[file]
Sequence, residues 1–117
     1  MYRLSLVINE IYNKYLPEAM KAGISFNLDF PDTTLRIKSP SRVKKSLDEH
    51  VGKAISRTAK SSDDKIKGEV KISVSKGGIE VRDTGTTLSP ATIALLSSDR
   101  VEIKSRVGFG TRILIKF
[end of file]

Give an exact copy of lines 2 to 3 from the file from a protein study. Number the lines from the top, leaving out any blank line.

     1  MYRLSLVINE IYNKYLPEAM KAGISFNLDF PDTTLRIKSP SRVKKSLDEH
    51  VGKAISRTAK SSDDKIKGEV KISVSKGGIE VRDTGTTLSP ATIALLSSDR